Menlo Park, California-based Helm.ai Inc., which designs software for innovative driver assistance systems, autonomous driving, and robotics, has closed a $31 million round of funding.
The Freeman Group served as the lead investor in the Series C round, including Honda Motor Co., ACVC Partners, and Amplo Ltd. Up to this point, investors have pumped $78 million into Helm.ai.
Due to this most recent round, the company’s valuation has climbed to $431 million. About $26 million was raised by the startup last year.
The firm for autonomous vehicles will utilize the money from its most recent investment round to boost its research and development initiatives. The startup will also contribute a share of the funding to further its commercialization efforts.
“This new capital will increase our AI offerings for autonomous driving and robotics applications and expand the commercialization footprint of our cutting-edge AI software stack,” said Helm.ai CEO Vlad Voroninski.
The startup Helm.ai provides a software platform for automakers to create self-driving cars. According to the business, Level 4 autonomy can be implemented using its platform. In most circumstances, a vehicle with Level 4 autonomy can operate without human intervention.
The Helm.ai platform is based on an AI approach known as unsupervised learning
According to Helm.ai, its platform can also support other use cases. In addition to powering robots, it is also used in advanced driver assistance systems, which allow cars to automate certain aspects of driving.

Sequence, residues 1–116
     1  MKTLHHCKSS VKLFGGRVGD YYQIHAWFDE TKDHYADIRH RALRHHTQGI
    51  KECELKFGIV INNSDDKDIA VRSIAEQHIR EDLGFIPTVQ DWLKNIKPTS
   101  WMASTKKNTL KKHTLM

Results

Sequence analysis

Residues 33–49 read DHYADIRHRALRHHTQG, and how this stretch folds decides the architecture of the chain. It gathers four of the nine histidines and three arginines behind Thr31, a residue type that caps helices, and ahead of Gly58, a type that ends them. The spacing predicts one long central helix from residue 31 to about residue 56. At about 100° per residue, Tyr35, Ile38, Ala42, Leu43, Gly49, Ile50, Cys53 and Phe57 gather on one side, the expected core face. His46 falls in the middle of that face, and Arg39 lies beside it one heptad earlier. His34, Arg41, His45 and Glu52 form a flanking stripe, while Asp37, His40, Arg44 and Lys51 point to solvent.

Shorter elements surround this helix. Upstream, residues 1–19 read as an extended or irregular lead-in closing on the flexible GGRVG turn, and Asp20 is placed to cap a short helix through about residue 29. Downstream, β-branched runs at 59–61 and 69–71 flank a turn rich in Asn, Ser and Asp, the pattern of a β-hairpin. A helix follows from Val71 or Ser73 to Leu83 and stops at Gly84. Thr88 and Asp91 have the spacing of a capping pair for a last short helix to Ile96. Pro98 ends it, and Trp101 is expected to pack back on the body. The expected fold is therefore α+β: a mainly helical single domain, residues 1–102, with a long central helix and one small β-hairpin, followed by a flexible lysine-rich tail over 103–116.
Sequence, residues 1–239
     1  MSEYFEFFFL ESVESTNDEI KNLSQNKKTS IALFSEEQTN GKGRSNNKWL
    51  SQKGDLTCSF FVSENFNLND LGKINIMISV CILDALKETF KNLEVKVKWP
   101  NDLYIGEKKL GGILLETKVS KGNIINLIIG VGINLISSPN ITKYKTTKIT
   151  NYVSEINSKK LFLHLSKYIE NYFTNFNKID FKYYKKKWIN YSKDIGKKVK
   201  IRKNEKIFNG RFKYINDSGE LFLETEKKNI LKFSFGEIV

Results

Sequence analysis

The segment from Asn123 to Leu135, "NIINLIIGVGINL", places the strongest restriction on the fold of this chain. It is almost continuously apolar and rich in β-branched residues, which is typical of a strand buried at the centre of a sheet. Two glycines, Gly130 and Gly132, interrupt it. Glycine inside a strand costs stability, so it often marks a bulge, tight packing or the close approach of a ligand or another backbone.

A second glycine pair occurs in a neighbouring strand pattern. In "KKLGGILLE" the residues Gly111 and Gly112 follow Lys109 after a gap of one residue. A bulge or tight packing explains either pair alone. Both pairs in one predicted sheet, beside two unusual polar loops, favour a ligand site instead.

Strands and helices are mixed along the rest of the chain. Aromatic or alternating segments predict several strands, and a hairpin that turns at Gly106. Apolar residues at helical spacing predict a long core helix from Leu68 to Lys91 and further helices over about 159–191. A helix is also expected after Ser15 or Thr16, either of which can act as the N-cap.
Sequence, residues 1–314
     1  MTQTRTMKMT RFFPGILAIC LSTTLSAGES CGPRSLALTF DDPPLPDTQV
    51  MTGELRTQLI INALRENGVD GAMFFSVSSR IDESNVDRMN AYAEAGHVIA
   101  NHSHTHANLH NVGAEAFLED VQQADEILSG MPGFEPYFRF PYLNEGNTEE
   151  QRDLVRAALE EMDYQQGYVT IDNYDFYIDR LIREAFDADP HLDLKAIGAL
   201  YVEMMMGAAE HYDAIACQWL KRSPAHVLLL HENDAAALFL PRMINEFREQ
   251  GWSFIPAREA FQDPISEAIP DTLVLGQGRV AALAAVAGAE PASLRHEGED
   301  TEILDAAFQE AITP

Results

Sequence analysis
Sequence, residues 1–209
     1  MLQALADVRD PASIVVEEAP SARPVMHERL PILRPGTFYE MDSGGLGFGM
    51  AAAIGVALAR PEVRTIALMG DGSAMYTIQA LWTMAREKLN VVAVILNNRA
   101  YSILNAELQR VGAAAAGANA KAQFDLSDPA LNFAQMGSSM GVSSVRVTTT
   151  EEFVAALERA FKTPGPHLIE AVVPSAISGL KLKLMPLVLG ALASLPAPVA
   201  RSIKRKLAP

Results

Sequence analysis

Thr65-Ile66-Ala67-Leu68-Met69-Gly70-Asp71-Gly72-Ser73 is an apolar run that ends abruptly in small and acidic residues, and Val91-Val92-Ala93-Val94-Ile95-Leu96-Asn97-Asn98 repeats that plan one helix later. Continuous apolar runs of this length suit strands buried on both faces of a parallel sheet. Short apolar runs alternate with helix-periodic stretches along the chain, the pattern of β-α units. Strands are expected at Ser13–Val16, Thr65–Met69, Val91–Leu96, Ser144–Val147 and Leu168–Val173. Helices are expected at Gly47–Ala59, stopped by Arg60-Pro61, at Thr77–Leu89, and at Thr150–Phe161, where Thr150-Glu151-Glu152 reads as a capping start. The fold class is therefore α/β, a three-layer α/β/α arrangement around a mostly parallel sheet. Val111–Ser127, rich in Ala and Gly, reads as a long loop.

In contrast to many competing offerings on the market, the startup’s platform uses a different approach to artificial intelligence. As a result, the startup claims its software is reliable and reduces the costs associated with building autonomous vehicles.
“Our Deep Teaching technology allows us to quickly deliver best-in-class AI software to OEMs and Tier 1s in a hardware-agnostic fashion, accelerating their time to market and enabling their path to software differentiation with high-end ADAS and L4 systems,” said Vlad Voroninski.
The startup’s technology is based on an AI method known as unsupervised learning, which eliminates the need to annotate training data with explanatory labels.
As a result, automakers can train autonomous driving algorithms on a greater volume of road data than would otherwise be feasible.
“Vlad was an integral part of Sift Security’s early success and has led Helm.ai’s growth and development effectively by delivering breakthrough AI software that the automotive sector is rapidly embracing,” said Freeman Group President Brandon Freeman.
The Series C fundraising round for Helm.ai comes as the autonomous car industry is going through a paradigm shift.